Claimed Recycling Habits Participation and Frequency

People typically over-claim participation in recycling schemes in questionnaire surveys. Checks in the London household survey suggest at least 10% over-claiming. Other research, which has compared claims with waste recovered, suggests much higher levels of over-claiming. Bearing in mind likely over-claiming, the household survey indicates that more than half of London households are doing little or no recycling at present. Up to another third of households are recycling but think they are doing as much as they can. Only around a fifth are recyclers who say (without prompting) that they do less recycling than they should.

(Claimed) high recyclers tend to be older and more affluent households. Low/non-recyclers tend to be younger, low income and ethnic minority households. These low participation households are those described earlier as likely to suffer multiple constraints on recycling. 40% of households claim to be doing more recycling than in the past, though 9% say they are doing less. Those doing more are typically affluent, older households; those claiming to do less are most likely to be younger households living in flats.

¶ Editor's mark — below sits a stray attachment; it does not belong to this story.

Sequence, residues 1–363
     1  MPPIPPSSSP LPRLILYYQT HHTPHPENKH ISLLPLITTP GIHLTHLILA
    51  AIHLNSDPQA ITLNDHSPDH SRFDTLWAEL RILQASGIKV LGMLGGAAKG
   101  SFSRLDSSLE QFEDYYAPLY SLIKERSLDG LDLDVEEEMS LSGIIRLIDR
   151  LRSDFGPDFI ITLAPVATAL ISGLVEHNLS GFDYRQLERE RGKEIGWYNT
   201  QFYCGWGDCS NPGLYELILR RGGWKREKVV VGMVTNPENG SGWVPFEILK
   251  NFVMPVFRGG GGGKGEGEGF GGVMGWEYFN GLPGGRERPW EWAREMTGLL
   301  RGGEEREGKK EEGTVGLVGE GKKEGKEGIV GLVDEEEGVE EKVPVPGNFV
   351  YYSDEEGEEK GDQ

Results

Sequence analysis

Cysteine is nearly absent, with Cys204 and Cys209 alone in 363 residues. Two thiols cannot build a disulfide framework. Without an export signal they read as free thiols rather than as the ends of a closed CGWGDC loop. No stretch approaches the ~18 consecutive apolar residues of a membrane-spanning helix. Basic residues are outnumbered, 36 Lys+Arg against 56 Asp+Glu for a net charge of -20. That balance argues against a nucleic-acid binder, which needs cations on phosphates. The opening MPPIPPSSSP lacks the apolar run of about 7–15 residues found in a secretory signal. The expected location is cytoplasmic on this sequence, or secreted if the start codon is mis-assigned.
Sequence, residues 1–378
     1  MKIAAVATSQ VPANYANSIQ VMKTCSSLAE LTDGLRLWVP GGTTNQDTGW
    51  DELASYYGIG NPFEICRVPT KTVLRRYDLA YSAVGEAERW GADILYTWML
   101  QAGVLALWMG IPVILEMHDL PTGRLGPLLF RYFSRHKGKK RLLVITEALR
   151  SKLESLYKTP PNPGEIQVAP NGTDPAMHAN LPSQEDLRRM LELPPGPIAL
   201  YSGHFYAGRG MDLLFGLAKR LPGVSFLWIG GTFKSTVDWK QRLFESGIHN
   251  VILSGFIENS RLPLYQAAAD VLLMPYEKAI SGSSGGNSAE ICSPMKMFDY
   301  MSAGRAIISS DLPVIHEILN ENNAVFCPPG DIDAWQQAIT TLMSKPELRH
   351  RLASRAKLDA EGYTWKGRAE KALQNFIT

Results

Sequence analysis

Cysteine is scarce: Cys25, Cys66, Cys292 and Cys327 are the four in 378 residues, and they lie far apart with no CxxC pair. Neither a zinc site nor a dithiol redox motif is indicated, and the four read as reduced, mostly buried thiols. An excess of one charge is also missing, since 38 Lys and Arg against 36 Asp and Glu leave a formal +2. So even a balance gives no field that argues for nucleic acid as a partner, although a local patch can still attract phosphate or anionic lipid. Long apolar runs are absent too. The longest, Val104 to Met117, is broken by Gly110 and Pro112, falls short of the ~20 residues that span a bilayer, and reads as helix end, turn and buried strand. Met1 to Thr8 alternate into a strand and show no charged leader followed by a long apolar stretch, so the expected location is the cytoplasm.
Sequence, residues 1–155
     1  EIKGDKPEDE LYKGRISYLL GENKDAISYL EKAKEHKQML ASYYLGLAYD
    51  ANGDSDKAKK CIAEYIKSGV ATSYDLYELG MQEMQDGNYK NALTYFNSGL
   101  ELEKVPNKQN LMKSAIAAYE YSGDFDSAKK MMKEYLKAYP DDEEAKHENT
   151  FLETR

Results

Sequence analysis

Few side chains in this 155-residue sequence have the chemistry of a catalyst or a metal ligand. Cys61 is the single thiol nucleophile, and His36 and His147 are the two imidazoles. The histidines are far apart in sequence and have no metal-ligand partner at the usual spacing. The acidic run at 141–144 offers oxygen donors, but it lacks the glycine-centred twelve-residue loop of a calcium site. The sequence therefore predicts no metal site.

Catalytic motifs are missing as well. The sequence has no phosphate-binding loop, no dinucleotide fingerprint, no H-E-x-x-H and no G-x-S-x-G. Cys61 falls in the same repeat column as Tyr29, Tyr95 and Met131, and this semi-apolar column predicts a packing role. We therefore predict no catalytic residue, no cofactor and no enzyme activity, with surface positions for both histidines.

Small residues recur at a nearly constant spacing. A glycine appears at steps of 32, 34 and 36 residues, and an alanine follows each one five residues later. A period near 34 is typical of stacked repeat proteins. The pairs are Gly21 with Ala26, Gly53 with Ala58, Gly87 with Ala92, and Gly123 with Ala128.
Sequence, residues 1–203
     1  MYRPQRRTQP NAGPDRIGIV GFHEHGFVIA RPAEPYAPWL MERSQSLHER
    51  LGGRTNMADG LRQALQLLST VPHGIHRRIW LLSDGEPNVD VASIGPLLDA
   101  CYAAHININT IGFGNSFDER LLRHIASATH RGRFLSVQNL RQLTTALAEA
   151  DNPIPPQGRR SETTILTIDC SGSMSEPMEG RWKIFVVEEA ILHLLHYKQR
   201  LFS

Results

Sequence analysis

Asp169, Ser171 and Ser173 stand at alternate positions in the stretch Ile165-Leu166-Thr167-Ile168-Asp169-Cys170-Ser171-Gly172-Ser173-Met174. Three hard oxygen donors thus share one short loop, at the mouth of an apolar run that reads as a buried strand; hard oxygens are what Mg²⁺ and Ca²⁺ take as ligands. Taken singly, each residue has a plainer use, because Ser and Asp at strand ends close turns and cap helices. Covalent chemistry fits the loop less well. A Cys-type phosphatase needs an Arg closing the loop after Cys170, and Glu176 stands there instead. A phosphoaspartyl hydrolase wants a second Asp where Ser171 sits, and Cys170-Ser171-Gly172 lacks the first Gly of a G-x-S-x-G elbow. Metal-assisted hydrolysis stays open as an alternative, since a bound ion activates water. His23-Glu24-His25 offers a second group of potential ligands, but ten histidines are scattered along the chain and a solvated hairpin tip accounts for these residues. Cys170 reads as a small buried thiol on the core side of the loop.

Claimed high participation and increased recycling activity is most strongly associated with households saying they have kerbside collection. Nearly three-quarters of kerbside households claim to be high/medium recyclers and 59% claim increased recycling in the last few years. Even so, more than a quarter of kerbside households (28%) appear not to have been persuaded, and continue to do little or no recycling. Less than half of kerbside households claim to recycle as much as they can.

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